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· Perfume Notes: JAR Diamond Water

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Perfume Notes: JAR Diamond Water
by Dain

Francisco Pradilla Ortiz, Juana La Loca (1877)

When first you approach fine fragrance in earnest, it may come as a surprise that the experience, the act of sniffing itself, does not measure up to descriptions. Mitsouko doesn't smell like peach, nor Bandit of leather whips—the association is looser, more conceptual. As it turns out, literalism isn't all that worth pursuing in a fragrance; it is nicer to wear Mitsouko than peach syrup after all. So, if you're put off the idea of carnation because of its reputation as a cheap filler in dowdy bouquets, give it a chance in perfume.

You might already have encountered carnation in a supporting role, everpresent but rarely conspicuous. The feminine equivalent to geranium, it mediates between rough, raw florals, whether in the melancholy Normandie or juxtaposed against leather and cigarette ashes in Tabac Blond. But I love carnation best when it's center stage. Hidden within its essence, not readily apparent from the real flower, lies the fiery molecule eugenol, the same heat that gives cloves and basil their characteristic spice. Perfumers frequently expose obscure facets in smell—the brine in lilies, the urine in jasmine, the chocolate in patchouli—and the humble carnation is full of surprises. The most aggressively marketed perfume in history, YSL Opium, is a carnation. Caron's Poivre (and the more attenuated eau de toilette, Coup de Fouet) crackles with a brighter, cleaner flame. For homey warmth, there's the powdery, mimosa-rich Divine Folie from Jean Patou. Even in Bellodgia's fresh-from-the-florist incarnation, it delivers a grand floral equal to Fracas and Paris, if far better behaved. Above and beyond other florals, carnation is a personal favorite, so I mourn the ravages of reformulation on the spicy carnations of yore, their fire all but extinguished.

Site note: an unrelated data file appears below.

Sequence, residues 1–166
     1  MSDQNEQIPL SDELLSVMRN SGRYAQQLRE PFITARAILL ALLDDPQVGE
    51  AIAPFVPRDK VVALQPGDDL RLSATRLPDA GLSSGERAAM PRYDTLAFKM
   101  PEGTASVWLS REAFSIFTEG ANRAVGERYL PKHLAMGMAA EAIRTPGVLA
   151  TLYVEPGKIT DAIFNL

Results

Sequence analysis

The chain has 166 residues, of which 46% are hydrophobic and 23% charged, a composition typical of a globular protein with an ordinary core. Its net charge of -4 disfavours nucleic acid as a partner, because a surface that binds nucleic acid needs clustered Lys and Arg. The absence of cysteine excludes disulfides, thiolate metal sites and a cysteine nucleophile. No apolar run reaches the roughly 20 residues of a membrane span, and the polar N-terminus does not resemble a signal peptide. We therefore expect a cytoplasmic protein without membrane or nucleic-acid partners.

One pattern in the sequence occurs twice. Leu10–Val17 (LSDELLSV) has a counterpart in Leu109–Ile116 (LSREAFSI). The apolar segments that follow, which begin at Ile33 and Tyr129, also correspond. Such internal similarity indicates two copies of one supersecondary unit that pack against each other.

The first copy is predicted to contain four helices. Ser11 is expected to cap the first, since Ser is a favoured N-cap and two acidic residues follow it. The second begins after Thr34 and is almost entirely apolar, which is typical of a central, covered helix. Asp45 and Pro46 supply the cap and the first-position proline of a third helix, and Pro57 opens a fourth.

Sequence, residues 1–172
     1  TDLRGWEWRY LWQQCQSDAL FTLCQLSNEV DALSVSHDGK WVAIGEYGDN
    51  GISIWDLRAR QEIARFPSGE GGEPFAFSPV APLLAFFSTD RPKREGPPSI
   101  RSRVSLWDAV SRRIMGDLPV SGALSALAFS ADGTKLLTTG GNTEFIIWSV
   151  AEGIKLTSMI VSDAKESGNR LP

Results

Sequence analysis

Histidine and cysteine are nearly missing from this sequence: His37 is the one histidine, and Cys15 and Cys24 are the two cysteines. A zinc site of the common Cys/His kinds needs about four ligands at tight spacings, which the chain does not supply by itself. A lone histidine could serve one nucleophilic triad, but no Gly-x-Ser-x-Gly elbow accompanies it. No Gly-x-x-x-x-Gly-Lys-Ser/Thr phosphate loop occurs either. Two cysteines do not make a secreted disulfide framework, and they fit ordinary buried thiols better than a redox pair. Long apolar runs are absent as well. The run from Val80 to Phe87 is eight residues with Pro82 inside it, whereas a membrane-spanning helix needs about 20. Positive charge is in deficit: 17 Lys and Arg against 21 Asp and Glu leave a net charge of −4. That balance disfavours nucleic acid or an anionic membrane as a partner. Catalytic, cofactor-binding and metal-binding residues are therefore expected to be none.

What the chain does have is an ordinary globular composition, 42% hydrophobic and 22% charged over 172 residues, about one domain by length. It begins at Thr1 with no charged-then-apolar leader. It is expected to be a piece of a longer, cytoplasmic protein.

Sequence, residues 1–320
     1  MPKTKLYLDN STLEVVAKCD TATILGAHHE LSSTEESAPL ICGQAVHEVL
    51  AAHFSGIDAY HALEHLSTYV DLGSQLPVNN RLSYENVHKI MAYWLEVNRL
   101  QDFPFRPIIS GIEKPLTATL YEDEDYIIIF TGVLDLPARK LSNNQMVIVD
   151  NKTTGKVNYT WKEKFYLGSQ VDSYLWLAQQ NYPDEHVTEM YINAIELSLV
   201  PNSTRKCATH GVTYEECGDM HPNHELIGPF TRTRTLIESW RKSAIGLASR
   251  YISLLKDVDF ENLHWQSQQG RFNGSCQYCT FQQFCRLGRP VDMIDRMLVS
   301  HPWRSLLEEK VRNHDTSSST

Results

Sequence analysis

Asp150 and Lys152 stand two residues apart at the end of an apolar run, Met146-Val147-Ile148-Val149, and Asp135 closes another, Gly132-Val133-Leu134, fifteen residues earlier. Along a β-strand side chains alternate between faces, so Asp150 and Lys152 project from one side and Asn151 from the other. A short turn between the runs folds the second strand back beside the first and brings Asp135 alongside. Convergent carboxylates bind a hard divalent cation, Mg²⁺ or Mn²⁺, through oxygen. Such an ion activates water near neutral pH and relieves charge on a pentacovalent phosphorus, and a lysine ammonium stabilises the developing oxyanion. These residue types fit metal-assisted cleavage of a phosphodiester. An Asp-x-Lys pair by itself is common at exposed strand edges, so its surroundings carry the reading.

Left behind in the carnage, perhaps because of its extreme rarity and expense, is JAR Diamond Water*. Every precious droplet sparkles on the skin, from the effervescent top notes to the quiet, pensive drydown of incense smoke. And at the heart of it all is a great carnation, in both its softly floral and brash spicy modes.

Diamond Water opens on a luminous accord of mandarin and peachy aldehydes, before transitioning seamlessly into rose and a dewy, fresh carnation. It holds there, among the tender petals, for several heartbeats, then a buttery, vanillic tuberose emerges, a discreet but decadent dose, for a richer texture. It sustains this floral disposition for the better part of an hour, as hints of spice peek through, shedding petals slowly, one by one. By the time the eugenol has mustered full intensity, with cloves and bay leaf as reinforcement, Diamond Water is a peppery, unapologetic oriental, ablaze on the skin. Eventually, it mellows into a smouldering base of sandalwood and sweet myrrh.

Both gourmands and orientals can be characterized by opacity, sometimes heavy and cloying; what's nice about a spicy carnation is that it can grow deeper, more meditative, without losing any of its radiance. Furthermore, it is quite modern in its appeal, with the potential to support a complex structure: were you to extract the carnation from Diamond Water, then split the remainder in half, the result is incongruous—L'Air du Temps and Avignon. A carnation revival might yield some interesting experiments; it is my fervent hope that the houses will look past its cultural status, and return their noses to it soon.

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* As of this review, my decant is some three or four years old.

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11/30/2012 [1]

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